How to Write a Resume Summary [+ Examples]

Written by Coursera • Updated on

Help recruiters or hiring managers quickly gain a sense of who you are as a candidate with your resume summary.

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A resume summary delivers a concise story about your experience to help recruiters or hiring managers quickly gain a sense of who you are as a candidate—and what you have to offer. In this article, we’ll cover when you should use a resume summary, what it should typically include, and examples you can follow to craft your own. 

Resume summaries: Key facts 

Strong resume summaries tell a story, incorporating some of the experience and skills you cover elsewhere in your resume in a narrative form. Generally, it’s a good idea to include information about your: 

  • Experience: Lead with your most recent job title and summarize your years of experience. 

  • Impact: Include any major accomplishments and/or achievements, especially if you can quantify them.  

  • Skills: Detail any important skills—both workplace and technical—that relate to the job to which you’re applying. 

Examples:

Senior project manager with eight years of experience successfully leading large teams and identifying opportunities to reduce overhead and cost.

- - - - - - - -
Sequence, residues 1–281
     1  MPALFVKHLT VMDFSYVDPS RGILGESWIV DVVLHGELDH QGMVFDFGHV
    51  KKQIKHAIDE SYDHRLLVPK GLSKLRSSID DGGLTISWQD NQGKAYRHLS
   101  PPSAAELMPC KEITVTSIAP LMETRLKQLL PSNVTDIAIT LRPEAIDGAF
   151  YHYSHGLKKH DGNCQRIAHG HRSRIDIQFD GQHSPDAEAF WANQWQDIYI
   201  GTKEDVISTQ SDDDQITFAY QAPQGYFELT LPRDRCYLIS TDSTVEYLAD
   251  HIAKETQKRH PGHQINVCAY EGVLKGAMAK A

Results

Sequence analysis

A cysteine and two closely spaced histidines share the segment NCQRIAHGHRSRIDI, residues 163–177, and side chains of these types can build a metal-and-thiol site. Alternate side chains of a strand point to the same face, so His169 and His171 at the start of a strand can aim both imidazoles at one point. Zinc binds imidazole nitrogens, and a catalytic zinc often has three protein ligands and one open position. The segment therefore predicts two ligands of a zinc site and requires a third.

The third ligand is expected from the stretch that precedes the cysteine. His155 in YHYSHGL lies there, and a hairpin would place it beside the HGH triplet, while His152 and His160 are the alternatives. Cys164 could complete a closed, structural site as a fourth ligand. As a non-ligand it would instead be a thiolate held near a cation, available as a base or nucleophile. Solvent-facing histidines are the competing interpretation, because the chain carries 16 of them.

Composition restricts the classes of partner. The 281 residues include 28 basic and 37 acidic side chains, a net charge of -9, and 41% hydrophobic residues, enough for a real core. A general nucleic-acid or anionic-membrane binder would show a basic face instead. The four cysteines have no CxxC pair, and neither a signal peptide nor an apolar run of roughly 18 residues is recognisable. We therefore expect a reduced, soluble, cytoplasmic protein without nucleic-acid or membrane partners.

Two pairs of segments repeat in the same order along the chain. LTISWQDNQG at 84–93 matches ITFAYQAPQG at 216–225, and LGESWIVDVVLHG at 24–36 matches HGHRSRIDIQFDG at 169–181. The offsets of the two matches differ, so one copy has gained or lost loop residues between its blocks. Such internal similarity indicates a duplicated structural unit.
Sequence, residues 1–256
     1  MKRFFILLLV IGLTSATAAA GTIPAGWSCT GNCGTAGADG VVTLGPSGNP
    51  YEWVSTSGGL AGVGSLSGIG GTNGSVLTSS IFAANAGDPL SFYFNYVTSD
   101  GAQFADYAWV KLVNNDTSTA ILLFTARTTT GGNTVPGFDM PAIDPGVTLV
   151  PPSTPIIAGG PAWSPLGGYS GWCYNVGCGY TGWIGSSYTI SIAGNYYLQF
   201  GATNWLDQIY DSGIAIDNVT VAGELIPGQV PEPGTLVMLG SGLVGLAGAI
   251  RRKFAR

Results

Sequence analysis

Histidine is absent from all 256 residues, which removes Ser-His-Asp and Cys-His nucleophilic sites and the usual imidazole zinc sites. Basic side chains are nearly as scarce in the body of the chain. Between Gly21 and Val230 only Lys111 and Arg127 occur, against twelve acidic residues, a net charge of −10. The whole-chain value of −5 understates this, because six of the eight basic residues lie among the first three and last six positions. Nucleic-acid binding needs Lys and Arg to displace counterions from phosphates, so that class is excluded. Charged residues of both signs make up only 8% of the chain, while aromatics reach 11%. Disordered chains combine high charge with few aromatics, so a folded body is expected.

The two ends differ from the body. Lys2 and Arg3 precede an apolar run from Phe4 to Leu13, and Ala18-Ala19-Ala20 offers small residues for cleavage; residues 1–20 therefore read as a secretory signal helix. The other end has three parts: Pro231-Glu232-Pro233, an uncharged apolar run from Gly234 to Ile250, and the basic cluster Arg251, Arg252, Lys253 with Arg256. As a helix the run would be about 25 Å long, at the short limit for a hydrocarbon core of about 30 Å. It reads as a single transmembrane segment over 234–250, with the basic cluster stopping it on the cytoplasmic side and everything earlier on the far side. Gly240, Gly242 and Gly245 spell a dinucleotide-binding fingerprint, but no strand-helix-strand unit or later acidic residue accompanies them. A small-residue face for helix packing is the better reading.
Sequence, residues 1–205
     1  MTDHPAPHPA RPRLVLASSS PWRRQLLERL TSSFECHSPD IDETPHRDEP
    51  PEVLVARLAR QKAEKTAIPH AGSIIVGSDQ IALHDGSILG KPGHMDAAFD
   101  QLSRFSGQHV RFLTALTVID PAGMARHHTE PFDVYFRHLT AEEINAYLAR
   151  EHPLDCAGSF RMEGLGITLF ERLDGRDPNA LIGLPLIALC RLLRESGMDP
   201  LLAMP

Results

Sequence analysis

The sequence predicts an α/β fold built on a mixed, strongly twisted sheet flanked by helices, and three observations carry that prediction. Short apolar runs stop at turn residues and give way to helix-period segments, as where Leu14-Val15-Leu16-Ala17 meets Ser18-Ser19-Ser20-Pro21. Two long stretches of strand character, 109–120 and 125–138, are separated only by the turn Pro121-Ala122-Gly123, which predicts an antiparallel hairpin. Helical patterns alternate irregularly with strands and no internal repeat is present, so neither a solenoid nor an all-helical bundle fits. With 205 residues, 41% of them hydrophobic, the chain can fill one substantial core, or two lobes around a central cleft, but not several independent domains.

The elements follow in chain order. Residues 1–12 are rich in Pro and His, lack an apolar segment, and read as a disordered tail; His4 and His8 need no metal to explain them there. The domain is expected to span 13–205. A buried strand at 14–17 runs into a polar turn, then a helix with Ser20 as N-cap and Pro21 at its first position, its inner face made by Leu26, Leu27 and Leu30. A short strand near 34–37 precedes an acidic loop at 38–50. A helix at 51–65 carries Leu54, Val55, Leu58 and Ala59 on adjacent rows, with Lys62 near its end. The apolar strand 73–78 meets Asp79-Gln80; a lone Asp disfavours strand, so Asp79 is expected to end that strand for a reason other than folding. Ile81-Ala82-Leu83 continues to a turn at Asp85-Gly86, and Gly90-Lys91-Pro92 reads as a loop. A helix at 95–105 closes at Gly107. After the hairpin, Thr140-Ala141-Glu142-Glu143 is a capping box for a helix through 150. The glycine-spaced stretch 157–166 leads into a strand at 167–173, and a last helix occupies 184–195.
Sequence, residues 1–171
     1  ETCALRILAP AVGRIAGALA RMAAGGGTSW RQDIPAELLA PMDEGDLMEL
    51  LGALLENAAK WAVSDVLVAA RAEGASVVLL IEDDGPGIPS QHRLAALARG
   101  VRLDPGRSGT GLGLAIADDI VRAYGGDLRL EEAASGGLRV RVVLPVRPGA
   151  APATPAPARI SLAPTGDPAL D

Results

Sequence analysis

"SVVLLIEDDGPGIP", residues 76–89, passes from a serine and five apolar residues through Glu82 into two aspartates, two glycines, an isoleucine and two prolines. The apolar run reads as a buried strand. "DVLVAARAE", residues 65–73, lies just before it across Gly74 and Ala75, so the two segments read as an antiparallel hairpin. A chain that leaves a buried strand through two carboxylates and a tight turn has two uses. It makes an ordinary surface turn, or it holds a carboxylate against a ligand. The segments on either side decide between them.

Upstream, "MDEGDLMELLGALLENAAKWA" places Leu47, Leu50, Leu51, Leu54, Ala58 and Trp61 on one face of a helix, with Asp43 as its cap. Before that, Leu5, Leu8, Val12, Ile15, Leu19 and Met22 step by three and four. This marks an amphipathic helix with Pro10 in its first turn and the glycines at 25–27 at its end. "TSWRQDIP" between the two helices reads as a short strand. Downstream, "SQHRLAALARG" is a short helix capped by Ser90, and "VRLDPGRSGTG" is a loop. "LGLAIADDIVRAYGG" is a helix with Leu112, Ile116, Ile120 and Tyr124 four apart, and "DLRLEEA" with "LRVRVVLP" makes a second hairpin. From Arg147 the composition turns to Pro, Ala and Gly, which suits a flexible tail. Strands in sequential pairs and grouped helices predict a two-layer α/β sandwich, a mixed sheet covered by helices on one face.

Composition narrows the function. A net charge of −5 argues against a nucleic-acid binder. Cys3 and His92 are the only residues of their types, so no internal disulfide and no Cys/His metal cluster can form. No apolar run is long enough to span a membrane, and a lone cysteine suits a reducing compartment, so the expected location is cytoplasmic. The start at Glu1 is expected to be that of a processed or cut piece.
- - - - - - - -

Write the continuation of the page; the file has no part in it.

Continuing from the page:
Licensed microbiology technologist with over five years of experience working at a major hospital lab. 

Successful certified financial planner with six years of experience consulting with clients, determining their long-term goals, and developing tailored plans to achieve results. 

Creative social media manager with four years of experience overseeing all major channels for a fintech start-up. Trained in Hootsuite, Buffer, and Google Trends. 

When should you use a resume summary? 

There is no strict rule about when to use a resume summary. Generally, it’s more common to include one when you’ve amassed some amount of professional experience, say around three years, because it can help you synthesize the larger theme of your career. You can also use a resume summary when you’ve held a number of different jobs and want to connect those various choices to a larger career path.